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Title page for ETD etd-11282016-171056


Type of Document Dissertation
Author Diggins, Kirsten Elizabeth
Author's Email Address kediggins@gmail.com
URN etd-11282016-171056
Title Quantifying Cellular Heterogeneity in Cancer and the Microenvironment
Degree PhD
Department Cancer Biology
Advisory Committee
Advisor Name Title
Vito Quaranta, M.D. Committee Chair
Jonathan M. Irish, Ph.D. Committee Member
Melissa Skala, Ph.D. Committee Member
Todd D. Giorgio, Ph.D. Committee Member
Keywords
  • mass cytometry
  • computational analysis
  • cancer
  • immunology
  • flow cytometry
  • single-cell analysis
  • high-dimensional analysis
Date of Defense 2016-11-10
Availability unrestricted
Abstract
In spite of recent advances in therapy, cancer remains a leading cause of death worldwide. Therapy response is often unpredictable and relapse frequently occurs. In many cases, this therapy resistance is attributed to subsets of therapy resistant cancer cells and surrounding stromal cells that support a resistant phenotype. A better understanding of cellular heterogeneity in cancer is therefore crucial in order to develop novel therapeutic strategies and improve patient outcomes. Experimental technologies like mass cytometry (CyTOF) allow for high-content, multi-parametric single-cell analysis of human tumor samples. However, analytical tools and workflows are still needed to standardize and automate the process of identifying and quantitatively describing cell populations in the resulting data. This dissertation presents a novel workflow for automated discovery and characterization of novel and rare cell subsets, quantification of cellular heterogeneity, and characterization of cells based on population-specific feature enrichment. First, a modular workflow is described that combines biaxial gating, dimensionality reduction, clustering, and hierarchically clustered heatmaps to maximize rare population discovery and to create an interpretable visualization of cell population characteristics. Next, a novel method is introduced for quantifying cellular heterogeneity based on two-dimensional mapping of cells in phenotypic space using tSNE analysis. Finally, an algorithmic method termed Marker Enrichment Modeling (MEM) is introduced that automatically quantifies population-specific feature enrichment and generates descriptive labels for cell populations based on their feature enrichment scores. MEM analysis is shown to identify features important to cell identity across multiple datasets, and MEM labels are effectively used to compare populations of cells across tissue types, experiments, institutions, and platforms. Going forward, the tools presented here lay the groundwork for novel computational methods for machine learning of cell identity and registering cell populations across studies or clinical endpoints. Automated methods for identifying and describing cell populations will enable rapid discovery of biologically and clinically relevant cells and contribute to the development of novel diagnostic, prognostic, and therapeutic approaches to cancer and other diseases.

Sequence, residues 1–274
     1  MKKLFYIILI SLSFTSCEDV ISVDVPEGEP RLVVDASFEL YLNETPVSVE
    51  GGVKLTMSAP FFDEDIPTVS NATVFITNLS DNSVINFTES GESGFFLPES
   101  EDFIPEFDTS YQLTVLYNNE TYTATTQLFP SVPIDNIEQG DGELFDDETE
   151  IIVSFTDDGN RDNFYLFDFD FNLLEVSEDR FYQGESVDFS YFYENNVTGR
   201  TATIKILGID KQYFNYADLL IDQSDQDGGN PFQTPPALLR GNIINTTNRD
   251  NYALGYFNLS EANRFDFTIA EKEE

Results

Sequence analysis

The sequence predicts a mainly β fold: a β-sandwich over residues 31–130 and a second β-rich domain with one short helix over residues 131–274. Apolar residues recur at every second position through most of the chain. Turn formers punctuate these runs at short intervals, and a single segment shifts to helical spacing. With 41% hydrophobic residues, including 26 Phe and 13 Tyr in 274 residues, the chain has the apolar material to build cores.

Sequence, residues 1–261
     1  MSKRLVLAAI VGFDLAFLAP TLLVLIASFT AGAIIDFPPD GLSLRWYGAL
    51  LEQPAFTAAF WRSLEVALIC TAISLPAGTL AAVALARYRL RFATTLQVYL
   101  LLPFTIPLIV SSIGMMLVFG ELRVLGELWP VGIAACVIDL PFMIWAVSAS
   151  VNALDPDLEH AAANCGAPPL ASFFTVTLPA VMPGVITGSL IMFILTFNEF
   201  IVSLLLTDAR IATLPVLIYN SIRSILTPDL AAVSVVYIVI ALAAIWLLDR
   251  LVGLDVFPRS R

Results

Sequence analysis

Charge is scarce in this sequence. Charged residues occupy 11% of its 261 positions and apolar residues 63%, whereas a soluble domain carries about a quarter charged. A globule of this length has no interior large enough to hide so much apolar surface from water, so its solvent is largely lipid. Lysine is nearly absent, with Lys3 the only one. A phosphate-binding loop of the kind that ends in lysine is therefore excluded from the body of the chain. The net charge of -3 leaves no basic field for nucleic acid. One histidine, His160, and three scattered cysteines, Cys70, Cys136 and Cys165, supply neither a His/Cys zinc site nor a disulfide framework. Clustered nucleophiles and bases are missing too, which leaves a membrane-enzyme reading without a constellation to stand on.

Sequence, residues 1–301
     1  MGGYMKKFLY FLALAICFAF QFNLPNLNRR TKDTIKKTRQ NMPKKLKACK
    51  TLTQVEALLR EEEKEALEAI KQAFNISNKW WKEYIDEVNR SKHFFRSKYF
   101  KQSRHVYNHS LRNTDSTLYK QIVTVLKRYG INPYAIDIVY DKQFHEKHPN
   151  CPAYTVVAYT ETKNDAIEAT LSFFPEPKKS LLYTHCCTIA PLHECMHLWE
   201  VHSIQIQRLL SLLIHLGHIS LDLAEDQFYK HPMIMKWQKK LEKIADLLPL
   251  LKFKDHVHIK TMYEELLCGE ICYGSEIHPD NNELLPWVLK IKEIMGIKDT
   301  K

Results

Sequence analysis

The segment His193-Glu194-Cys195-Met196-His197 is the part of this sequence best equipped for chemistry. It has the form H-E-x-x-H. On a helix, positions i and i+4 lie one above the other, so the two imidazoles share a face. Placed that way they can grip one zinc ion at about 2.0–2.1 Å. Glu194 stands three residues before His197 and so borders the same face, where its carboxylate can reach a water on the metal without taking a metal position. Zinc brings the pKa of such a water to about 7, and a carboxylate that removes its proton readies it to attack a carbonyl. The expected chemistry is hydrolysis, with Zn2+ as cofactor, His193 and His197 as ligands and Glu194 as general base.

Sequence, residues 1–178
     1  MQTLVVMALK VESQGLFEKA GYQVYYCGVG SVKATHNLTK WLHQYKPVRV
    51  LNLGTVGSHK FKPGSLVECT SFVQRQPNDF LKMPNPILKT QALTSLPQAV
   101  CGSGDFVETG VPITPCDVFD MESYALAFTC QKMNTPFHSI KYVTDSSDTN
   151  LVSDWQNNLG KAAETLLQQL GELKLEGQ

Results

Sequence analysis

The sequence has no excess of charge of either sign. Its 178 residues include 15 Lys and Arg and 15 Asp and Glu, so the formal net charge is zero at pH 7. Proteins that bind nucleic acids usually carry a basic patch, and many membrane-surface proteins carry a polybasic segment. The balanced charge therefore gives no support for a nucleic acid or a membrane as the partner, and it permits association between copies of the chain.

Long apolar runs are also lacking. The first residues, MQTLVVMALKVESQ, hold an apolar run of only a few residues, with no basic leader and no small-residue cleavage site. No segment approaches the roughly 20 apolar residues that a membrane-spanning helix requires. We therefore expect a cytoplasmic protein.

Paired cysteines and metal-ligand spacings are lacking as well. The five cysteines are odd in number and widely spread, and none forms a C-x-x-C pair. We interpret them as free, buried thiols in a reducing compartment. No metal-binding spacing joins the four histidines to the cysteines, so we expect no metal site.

Files
  Filename       Size       Approximate Download Time (Hours:Minutes:Seconds) 
 
 28.8 Modem   56K Modem   ISDN (64 Kb)   ISDN (128 Kb)   Higher-speed Access 
  Diggins.pdf 9.58 Mb 00:44:20 00:22:48 00:19:57 00:09:58 00:00:51

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